# Configuration Interaction matrix composition from electronic configurations

The six electronic configurations below could all be found in the matrix elements of the CI matrix at CISD level. How do I construct the 6 x 6 CI matrix composed of these six configurations and which of the elements will be zero? How different would it be if I used MP4(SDTQ) method? Given those six configurations, the CI matrix with be a six-by-six matrix with rows and columns defined by the respective configuration. The matrix elements themselves will be the Hamiltonian expressed in those configurations.

For example, say column one corresponds to $\psi_0$, or $\left|0\right>$ in bra-ket notation. Similarly, row one corresponds to $\psi_0$, or $\left<0\right|$ in bra-ket notation. The CI matrix element where these coincide, namely $\left<0|H|0\right>$, where H is your Hamiltonian, is simply the ground state energy (the Hartree-Fock energy, if the configurations are the result of HF orbitals). The other matrix elements, like $\left<1|H|0\right>$ or $\left<0|H|2\right>$ have rules for determining them. The best reference is the book Modern Quantum Chemistry, by Szabo and Ostlund. Dr. David Sherrill has a good reference as well, which you can find here: http://vergil.chemistry.gatech.edu/notes/ci/ci.html

Okay, to answer the second part of your question. There are a few rules for determining CI matrix elements. One of the first ones is that singly excited configurations do not mix with the ground state. This is Brillouin's theorem. I don't see any singly excited configurations in the six you gave, so we won't have any of those. The other rule is that configurations that differ by more than two orbital occupations are zero. Since you truncated to doubles, you also won't have this case. The other thing you need to check is spin. If spin is not conserved, you'll have a zero matrix element. I think you'll have this case with the first configuration and the last one, which have different multiplicities.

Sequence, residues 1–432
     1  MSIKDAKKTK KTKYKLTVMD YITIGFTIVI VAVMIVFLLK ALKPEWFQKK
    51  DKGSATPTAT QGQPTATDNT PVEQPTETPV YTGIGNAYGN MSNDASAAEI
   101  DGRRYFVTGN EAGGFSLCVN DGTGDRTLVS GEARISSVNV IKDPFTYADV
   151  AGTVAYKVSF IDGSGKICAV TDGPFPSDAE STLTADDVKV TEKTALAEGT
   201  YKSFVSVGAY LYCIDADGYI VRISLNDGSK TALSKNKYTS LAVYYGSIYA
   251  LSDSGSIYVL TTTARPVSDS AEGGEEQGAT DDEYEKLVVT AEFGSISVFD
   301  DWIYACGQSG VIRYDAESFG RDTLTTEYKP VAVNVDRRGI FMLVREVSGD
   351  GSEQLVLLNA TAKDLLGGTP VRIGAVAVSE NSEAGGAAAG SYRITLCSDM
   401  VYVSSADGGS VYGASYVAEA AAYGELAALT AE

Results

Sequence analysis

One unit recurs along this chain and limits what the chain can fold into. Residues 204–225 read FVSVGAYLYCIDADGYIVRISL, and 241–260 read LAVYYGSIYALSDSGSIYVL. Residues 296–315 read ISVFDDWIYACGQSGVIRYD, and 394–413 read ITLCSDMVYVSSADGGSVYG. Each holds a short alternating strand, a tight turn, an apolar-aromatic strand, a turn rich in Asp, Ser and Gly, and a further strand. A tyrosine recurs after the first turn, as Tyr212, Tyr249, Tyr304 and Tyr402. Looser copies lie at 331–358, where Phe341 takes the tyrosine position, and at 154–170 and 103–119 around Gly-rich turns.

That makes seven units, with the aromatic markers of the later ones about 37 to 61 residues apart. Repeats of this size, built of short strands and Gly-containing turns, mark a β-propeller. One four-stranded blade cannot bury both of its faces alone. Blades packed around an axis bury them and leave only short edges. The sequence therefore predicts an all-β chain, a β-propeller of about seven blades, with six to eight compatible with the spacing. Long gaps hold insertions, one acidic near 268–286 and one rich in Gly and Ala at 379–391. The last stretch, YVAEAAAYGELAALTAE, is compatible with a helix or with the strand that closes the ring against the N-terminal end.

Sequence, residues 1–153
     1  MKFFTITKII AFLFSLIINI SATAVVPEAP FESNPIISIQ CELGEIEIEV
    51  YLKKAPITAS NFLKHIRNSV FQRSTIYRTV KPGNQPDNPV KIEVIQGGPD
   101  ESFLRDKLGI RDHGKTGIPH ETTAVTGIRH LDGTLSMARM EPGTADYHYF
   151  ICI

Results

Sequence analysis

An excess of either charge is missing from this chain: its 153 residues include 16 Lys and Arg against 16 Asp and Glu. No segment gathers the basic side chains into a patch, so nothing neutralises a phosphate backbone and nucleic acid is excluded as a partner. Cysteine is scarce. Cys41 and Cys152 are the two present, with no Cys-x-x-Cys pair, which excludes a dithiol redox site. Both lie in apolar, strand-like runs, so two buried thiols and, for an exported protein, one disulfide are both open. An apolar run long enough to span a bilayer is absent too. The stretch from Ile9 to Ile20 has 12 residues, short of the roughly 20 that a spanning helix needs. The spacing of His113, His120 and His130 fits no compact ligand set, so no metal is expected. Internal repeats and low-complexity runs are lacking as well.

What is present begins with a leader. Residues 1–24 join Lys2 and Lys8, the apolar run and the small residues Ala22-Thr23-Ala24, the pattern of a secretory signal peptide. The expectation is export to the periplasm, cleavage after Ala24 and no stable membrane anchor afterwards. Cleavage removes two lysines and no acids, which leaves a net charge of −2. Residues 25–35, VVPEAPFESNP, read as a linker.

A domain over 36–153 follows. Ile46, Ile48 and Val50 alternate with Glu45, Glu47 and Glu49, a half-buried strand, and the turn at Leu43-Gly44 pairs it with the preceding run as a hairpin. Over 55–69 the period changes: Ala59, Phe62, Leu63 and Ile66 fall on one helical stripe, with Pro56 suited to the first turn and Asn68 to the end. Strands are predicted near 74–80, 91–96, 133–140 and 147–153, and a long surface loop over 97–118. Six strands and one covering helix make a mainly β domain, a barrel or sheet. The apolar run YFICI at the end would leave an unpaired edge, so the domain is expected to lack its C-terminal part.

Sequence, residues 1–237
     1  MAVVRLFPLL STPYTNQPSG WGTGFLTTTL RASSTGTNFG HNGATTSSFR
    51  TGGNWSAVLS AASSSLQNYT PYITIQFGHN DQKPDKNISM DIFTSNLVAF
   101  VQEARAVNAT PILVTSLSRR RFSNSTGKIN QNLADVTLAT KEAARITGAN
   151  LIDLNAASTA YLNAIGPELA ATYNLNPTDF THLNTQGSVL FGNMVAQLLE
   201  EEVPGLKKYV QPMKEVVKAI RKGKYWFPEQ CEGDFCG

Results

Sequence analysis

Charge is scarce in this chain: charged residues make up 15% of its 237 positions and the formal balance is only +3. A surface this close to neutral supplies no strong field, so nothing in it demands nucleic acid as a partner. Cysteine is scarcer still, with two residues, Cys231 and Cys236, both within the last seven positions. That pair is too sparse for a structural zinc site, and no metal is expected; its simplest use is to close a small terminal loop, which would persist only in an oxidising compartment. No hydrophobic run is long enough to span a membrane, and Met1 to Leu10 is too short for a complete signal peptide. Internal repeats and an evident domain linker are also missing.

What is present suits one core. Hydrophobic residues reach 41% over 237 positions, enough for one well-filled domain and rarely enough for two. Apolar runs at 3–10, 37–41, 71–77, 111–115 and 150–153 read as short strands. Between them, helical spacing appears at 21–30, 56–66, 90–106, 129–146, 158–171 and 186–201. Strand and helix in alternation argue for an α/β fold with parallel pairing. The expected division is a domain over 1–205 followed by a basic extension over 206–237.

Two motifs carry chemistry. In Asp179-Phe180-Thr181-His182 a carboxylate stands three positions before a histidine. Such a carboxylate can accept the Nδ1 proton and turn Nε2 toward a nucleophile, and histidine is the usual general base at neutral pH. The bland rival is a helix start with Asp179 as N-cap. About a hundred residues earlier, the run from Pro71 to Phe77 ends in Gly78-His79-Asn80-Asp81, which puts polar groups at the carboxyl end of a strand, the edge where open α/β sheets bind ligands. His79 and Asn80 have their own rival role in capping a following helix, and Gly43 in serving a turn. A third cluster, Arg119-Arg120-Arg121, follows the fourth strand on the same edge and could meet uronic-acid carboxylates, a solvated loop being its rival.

As to your last question, I'm not real sure what you are asking. MP4(SDQ) is a perturbative method, which is different from CI, which is a variational method. In other words you do a CI by diagonalization, whereas MP4 is not. So I think CISDQ would be a better question...anyway, the point is that you are increasing your configuration space from singles and doubles (SD) to singles, doubles and quadruples (SDQ). The point I made in the preceding paragraph still holds, and expressing your Hamiltonian between ground state and quadruply excited configurations will be zero because their occupation differs by more than two. Same for singly excited configurations and quadruples.

EDIT: Just had the thought, you should also search for "Slater's rules" when trying to construct CI matrices. These are the rules I mentioned earlier.

• Your comment was very helpful. I can summarize the rules for the CI matrix elements to be zero as this: 1) Brillouin's theorem i.e. matrix elements between HF ref and singly excited configurations is zero 2) If irreducible representation of two configurations are different, Hij is zero (the H operator belongs to the totally symmetric representation) 3) H does not include spin so if total spin of two determinants is different, matrix element for the will be zero. 4) H includes 1e and 2e operators so if two determinants are different by more than 2 MO, Hij =0 – ARaf Jan 21 '14 at 11:24
• However, I am not sure how to apply these rules (particularly number 2) for the specific problem in the question. And the second part of the question is that since MPn is based on HF, can I assume that these rules apply for MPn matrix too or are they differently constructed? – ARaf Jan 21 '14 at 11:26
• Number 2 is based off the symmetry of the molecule. Basically interacting MOs and interacting excitations out of the ground state MOs need to have the same symmetry. Electronic structure calculations save a lot of time by doing smaller calculations on irreducible representations (irreps) instead of one larger calculation on the whole molecule. MPn is a little different, but I think it is the same. In its most general construction with HF canonical orbitals, you do have matrix elements between determinants/configurations, so the rules should apply. – jjgoings Jan 21 '14 at 16:37